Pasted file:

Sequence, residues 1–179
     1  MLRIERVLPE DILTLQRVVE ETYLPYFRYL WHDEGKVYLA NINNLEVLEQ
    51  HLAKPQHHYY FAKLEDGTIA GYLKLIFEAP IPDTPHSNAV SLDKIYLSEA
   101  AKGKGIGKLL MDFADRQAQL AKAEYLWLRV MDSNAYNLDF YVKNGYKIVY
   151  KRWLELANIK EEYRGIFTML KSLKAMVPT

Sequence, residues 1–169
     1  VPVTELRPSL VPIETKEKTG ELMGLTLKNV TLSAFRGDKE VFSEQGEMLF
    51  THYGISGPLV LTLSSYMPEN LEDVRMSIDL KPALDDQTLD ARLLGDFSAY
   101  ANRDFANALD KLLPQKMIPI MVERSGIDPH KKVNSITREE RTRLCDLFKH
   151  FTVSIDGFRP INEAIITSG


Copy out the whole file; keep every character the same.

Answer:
Sequence, residues 1–179
     1  MLRIERVLPE DILTLQRVVE ETYLPYFRYL WHDEGKVYLA NINNLEVLEQ
    51  HLAKPQHHYY FAKLEDGTIA GYLKLIFEAP IPDTPHSNAV SLDKIYLSEA
   101  AKGKGIGKLL MDFADRQAQL AKAEYLWLRV MDSNAYNLDF YVKNGYKIVY
   151  KRWLELANIK EEYRGIFTML KSLKAMVPT

Sequence, residues 1–169
     1  VPVTELRPSL VPIETKEKTG ELMGLTLKNV TLSAFRGDKE VFSEQGEMLF
    51  THYGISGPLV LTLSSYMPEN LEDVRMSIDL KPALDDQTLD ARLLGDFSAY
   101  ANRDFANALD KLLPQKMIPI MVERSGIDPH KKVNSITREE RTRLCDLFKH
   151  FTVSIDGFRP INEAIITSG